As usual, averages can conceal big differences. Some states (like New York) have invested sustained effort to fund public education. Relative to other states, California has consistently spent less of its total economy on public K-12 education. California has been a low-effort state when it comes to education:
Money is only good for what it can buy. Costs vary from place to place, and California is a high-cost state.
Most of the costs of education are people costs. It’s expensive to hire college-educated adults such as teachers, counselors, librarians, and administrators. Relative to other states, the cost of living in California is high, and districts must offer competitive salaries in the context of their local labor market. On an inflation-adjusted basis, teacher pay in America has essentially been flat for 50 years. (Ed100 Lesson 3.8 examines teacher pay in depth.)
When it comes to demographics, California is often compared with Florida and Texas. All three states are large and have had rapid population growth, with a high proportion of students learning English. California has America's highest proportion of English Learners.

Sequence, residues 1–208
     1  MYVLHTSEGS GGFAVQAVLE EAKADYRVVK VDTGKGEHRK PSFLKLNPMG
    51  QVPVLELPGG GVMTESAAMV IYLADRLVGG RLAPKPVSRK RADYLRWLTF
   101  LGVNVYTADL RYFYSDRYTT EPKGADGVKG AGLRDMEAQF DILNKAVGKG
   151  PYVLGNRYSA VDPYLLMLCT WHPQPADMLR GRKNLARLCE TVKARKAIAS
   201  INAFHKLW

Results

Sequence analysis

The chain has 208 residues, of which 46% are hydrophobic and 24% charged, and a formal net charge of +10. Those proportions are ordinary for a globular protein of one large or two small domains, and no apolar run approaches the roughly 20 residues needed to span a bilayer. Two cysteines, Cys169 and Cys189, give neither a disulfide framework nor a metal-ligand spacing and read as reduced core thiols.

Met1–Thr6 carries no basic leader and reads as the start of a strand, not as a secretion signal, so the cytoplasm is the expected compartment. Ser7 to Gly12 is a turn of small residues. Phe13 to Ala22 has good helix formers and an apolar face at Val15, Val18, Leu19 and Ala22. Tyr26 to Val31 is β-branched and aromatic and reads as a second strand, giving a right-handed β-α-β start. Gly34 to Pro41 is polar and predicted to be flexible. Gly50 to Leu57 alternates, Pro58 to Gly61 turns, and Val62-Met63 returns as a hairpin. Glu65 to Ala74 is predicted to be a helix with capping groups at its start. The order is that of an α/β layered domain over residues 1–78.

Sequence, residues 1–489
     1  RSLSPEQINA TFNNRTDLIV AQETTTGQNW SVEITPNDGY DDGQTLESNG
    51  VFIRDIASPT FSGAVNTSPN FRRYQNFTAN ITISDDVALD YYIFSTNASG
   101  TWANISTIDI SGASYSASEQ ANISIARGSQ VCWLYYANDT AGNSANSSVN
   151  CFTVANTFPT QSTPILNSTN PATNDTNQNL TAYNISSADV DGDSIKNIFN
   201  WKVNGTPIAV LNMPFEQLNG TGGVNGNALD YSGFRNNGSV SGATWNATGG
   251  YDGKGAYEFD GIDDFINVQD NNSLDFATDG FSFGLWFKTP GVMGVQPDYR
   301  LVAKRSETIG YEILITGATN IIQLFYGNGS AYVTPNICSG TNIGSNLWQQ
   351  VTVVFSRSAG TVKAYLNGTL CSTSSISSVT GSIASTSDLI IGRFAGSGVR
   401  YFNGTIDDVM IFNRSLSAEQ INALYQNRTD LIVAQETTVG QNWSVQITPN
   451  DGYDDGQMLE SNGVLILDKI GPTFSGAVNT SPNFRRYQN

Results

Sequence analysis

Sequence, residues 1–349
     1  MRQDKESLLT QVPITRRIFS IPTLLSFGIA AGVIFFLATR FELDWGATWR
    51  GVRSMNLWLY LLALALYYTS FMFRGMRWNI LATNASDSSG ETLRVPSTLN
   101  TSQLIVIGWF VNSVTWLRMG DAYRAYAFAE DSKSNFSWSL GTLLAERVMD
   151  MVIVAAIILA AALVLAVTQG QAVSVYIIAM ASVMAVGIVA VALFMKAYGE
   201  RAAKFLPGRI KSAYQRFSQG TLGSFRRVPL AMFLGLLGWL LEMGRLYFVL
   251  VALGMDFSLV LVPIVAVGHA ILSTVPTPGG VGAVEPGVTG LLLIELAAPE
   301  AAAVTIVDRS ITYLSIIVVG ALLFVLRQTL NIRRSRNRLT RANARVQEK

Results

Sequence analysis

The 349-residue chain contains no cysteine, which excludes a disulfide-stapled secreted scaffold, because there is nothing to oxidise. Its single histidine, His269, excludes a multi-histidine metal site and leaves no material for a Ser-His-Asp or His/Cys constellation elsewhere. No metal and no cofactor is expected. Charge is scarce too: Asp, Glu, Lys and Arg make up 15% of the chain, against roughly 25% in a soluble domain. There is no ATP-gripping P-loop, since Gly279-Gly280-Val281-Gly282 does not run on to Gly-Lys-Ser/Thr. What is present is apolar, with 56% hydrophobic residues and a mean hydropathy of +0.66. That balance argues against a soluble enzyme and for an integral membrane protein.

The age demographics of these states differ significantly, however, which can make comparisons among them a little confusing. Like Hawaii, Massachusetts, and Washington, D.C., Florida enjoys the benefit of an older tax base — it has relatively few children supported by relatively more taxpayers. Texas, by contrast, is more like Utah, a youthful state where funds for education must be spread among more students. California falls in between.
The math is inescapable. A state with average funding per student, an average number of students per taxpayer and higher-than-average pay for teachers must make do with fewer teachers.
Students experience this difference in the form of large class sizes, a topic we take up in detail in Lesson 4.2. Because teachers are crucial to student success, and because they are represented at the negotiating table, when times are tight school districts tend to avoid cutting teacher positions, instead sacrificing everything else they can first, including counselors and administrators. Wherever class sizes are chronically large, as they are in California, students have less of everything.